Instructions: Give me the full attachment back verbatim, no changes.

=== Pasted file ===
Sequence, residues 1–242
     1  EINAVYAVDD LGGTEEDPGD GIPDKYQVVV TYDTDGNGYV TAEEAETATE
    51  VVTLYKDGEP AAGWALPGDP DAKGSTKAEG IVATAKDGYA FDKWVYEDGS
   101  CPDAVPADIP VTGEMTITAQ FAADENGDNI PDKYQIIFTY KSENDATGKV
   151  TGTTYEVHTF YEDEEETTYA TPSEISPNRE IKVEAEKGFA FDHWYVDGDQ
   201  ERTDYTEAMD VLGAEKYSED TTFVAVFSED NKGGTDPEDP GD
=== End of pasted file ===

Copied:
Sequence, residues 1–242
     1  EINAVYAVDD LGGTEEDPGD GIPDKYQVVV TYDTDGNGYV TAEEAETATE
    51  VVTLYKDGEP AAGWALPGDP DAKGSTKAEG IVATAKDGYA FDKWVYEDGS
   101  CPDAVPADIP VTGEMTITAQ FAADENGDNI PDKYQIIFTY KSENDATGKV
   151  TGTTYEVHTF YEDEEETTYA TPSEISPNRE IKVEAEKGFA FDHWYVDGDQ
   201  ERTDYTEAMD VLGAEKYSED TTFVAVFSED NKGGTDPEDP GD